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Saɱyutta Nikāya
II. Nidāna Vagga
12. Nidāna Saɱyutta
2. Āhāra Vagga

Sutta 15

Kaccāna-Gotta Suttaɱ


Translated from the Pali by Maurice O'Connell Walshe
From Samyutta Nikaya: An Anthology (WH 318-321),
by M. O'C. Walshe
(Kandy: Buddhist Publication Society, 1985).
Transcribed from the print edition in 2007 by a volunteer,
under the auspices of the Access to Insight Dhamma Transcription Project
and by arrangement with the Buddhist Publication Society.
© 2007–2012



[1][bit][pts][bodh][than][olds] I HEAR TELL:

[At Saavatthii the Ven. Kaccaayana asked the Blessed One:]

"'Right view,[1] right view,' it is said, Lord.

In what way, Lord, is there right view?'

"The world in general, Kaccaayana, inclines to two views, to existence[2] or to non-existence.[3]

But for him who, with the highest wisdom, sees the uprising of the world as it really is,[4] 'non-existence of the world' does not apply, and for him who, with highest wisdom, sees the passing away of the world as it really is, 'existence of the world' does not apply.

"The world in general, Kaccaayana, grasps after systems and is imprisoned by dogmas.[5]

But he[6] does not go along with that system-grasping, that mental obstinacy and dogmatic bias, does not grasp at it, does not affirm:

'This is my self.'[7]

He knows without doubt or hesitation that whatever arises is merely dukkha[8] that what passes away is merely dukkha and such knowledge is his own, not depending on anyone else.

This, Kaccaayana, is what constitutes right view.

"'Everything exists,'[9] this is one extreme [view]; 'nothing exists,' this is the other extreme.

Avoiding both extremes the Tathaagata[10] teaches a doctrine of the middle:

Conditioned by ignorance are the formations... [as SN 12.10]...

So there comes about the arising of this entire mass of suffering.

But from the complete fading away and cessation of ignorance there comes the cessation of the formations, from the cessation of the formations comes the cessation of consciousness...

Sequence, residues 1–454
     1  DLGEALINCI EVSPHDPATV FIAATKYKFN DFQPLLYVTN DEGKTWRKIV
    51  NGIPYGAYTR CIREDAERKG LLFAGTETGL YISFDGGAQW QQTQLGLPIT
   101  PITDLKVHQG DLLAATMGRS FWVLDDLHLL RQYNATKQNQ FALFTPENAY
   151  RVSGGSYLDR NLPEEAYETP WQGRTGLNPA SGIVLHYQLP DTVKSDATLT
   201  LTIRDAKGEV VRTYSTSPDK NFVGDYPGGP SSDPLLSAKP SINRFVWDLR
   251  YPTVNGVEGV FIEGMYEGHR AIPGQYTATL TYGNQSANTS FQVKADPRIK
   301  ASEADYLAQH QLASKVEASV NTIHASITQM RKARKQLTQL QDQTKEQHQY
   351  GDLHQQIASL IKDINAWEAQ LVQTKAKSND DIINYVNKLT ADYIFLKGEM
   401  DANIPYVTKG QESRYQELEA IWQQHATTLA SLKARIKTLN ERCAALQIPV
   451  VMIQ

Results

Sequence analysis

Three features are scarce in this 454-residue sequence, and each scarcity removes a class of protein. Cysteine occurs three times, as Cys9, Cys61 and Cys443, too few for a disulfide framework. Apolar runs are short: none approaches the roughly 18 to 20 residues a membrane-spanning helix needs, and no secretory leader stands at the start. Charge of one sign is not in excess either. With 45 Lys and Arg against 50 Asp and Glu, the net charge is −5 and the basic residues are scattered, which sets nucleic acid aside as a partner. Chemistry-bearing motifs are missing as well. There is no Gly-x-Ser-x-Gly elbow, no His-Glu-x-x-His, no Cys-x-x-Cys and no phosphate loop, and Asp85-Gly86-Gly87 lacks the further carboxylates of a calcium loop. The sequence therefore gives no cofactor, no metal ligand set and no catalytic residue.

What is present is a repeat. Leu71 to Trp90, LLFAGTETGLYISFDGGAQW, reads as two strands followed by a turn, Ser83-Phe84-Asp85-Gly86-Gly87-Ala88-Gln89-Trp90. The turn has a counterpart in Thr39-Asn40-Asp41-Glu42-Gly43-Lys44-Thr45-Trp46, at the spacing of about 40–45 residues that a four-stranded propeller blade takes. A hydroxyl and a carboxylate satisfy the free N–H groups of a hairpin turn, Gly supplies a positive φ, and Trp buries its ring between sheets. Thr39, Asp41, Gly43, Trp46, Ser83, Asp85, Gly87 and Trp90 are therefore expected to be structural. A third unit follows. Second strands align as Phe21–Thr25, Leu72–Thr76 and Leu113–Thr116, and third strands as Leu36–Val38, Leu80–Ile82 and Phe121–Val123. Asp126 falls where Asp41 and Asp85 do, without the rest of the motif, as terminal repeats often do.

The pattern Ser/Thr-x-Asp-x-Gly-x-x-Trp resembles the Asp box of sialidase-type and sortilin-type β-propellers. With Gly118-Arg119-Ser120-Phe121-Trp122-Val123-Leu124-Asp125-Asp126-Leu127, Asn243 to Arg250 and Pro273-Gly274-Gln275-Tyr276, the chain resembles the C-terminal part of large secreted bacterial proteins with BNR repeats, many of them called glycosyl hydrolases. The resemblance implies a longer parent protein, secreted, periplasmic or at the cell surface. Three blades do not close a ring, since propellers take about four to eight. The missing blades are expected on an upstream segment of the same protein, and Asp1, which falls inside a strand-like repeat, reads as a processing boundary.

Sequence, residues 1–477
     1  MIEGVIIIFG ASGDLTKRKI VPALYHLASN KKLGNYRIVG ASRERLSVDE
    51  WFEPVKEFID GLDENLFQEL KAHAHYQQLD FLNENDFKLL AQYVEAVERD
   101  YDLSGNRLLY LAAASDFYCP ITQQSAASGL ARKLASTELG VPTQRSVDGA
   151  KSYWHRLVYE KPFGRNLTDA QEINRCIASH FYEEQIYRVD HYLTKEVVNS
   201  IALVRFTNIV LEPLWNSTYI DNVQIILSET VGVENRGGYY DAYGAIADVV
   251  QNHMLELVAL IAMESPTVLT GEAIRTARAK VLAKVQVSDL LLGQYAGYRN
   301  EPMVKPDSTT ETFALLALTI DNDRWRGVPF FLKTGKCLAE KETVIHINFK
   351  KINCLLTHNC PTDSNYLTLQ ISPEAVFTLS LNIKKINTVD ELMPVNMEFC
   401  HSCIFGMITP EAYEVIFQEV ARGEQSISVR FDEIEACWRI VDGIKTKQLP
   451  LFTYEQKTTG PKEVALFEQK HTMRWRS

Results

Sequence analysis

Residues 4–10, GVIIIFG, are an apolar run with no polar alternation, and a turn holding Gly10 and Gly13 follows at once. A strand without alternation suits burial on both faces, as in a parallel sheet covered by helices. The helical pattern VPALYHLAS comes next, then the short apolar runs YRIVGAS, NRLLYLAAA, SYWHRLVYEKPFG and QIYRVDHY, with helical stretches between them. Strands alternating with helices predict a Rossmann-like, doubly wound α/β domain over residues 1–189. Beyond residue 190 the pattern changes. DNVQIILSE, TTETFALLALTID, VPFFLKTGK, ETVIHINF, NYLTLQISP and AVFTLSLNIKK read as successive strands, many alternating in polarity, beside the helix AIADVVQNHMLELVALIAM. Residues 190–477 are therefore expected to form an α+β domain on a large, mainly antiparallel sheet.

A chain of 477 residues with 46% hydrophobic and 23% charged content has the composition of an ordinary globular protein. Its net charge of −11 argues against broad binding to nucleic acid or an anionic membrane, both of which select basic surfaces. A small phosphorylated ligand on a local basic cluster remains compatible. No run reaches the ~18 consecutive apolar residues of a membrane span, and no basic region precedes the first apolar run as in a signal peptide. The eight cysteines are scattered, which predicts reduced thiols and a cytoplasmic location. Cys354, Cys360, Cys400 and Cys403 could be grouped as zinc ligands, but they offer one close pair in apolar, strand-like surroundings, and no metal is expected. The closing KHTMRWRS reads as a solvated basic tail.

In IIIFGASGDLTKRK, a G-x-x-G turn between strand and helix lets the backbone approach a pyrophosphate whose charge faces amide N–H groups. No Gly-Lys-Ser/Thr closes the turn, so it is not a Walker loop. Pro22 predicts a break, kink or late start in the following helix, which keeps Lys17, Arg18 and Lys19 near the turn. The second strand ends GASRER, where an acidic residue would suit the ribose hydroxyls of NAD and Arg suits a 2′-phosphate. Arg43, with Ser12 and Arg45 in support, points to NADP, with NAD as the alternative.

So there comes about the complete cessation of this entire mass of suffering."


[1] Samma Diṭṭhi: the first step of the Noble Eightfold Path, lit. "Right Seeing." It is also rendered "Right Understanding," but the connotations of this are too exclusively intellectual. The rendering "Right Views" (plural) is to be rejected, since it is not a matter of holding "views" (opinions) but of "seeing things as they really are."

[2] Atthitaa: "is-ness." The theory of "Eternalism" (sassatavaada).

[3] Natthitaa: "is-not-ness." The theory of "Annihilationism" (ucchedavāda). All forms of materialism come under this heading. See the discussion in Bhikkhu Bodhi's translation of DN 1, The All-Embracing Net of Views

[4] Yathābhuutaɱ: cf n. 1.

[5] Or, as we might say today, "ideologies" or "isms."

[6] I take this to mean the man who sees "with the highest wisdom" mentioned above. Mrs Rhys Davids seems to have gone slightly astray here.

[7] ['Attā me' ti:] Cf. SN 3.8, n. 1. Feer's edition of SN reads here 'attā na me' ti "this is not myself," which would also make sense but is contradicted, not only in SA [Commentary], but also when the story is repeated at SN 22.90.

[8] The usual translation "suffering," always a makeshift, is inappropriate here.

Dukkha in Buddhist usage refers to the inherent unsatisfactoriness and general insecurity of all conditioned existence.

SN 12.22-Walshe, n. 1: Attā. Used in everyday speech this word most often simply means 'myself, yourself,' etc. with absolutely no 'metaphysical' implications—a point frequently overlooked by those who wish at all costs to prove that Buddhism teaches the existence of some kind of 'self.' Here we have the Buddhist equivalent of "Do as you would be done by." Cf. Dhp 157.

p.p. explains it all — p.p.

[9] Sabbaɱ atthi. From the Sanskrit form of this expression, sarvam asti (though used in a slightly different sense) the Sarvaastivādin school got their name. They held that dharmas existed in "three times," past, present and future. It was mainly to this early school that the label "Hīnayāna" ("Lesser Career or Vehicle") was applied and later illegitimately applied to the Theravaada (see SN 12.22, n. 1).

[10] Lit. probably either "Thus come" tath-ā-gata or "Thus gone (beyond)" (tathā-gata): the Buddha's usual way of referring to himself. For other meanings cf. Bhikkhu Bodhi, DN 1, The All-Embracing Net of Views

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